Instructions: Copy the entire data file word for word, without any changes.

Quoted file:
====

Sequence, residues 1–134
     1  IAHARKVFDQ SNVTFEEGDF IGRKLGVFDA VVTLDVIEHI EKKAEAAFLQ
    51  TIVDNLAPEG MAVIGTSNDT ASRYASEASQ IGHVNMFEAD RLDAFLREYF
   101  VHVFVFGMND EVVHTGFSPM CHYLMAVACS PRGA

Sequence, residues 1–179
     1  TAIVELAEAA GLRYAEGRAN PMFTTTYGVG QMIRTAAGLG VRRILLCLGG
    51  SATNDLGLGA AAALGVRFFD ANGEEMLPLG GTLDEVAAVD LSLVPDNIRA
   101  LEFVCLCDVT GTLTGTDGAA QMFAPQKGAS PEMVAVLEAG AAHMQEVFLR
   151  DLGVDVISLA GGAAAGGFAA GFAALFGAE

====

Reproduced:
Sequence, residues 1–134
     1  IAHARKVFDQ SNVTFEEGDF IGRKLGVFDA VVTLDVIEHI EKKAEAAFLQ
    51  TIVDNLAPEG MAVIGTSNDT ASRYASEASQ IGHVNMFEAD RLDAFLREYF
   101  VHVFVFGMND EVVHTGFSPM CHYLMAVACS PRGA

Sequence, residues 1–179
     1  TAIVELAEAA GLRYAEGRAN PMFTTTYGVG QMIRTAAGLG VRRILLCLGG
    51  SATNDLGLGA AAALGVRFFD ANGEEMLPLG GTLDEVAAVD LSLVPDNIRA
   101  LEFVCLCDVT GTLTGTDGAA QMFAPQKGAS PEMVAVLEAG AAHMQEVFLR
   151  DLGVDVISLA GGAAAGGFAA GFAALFGAE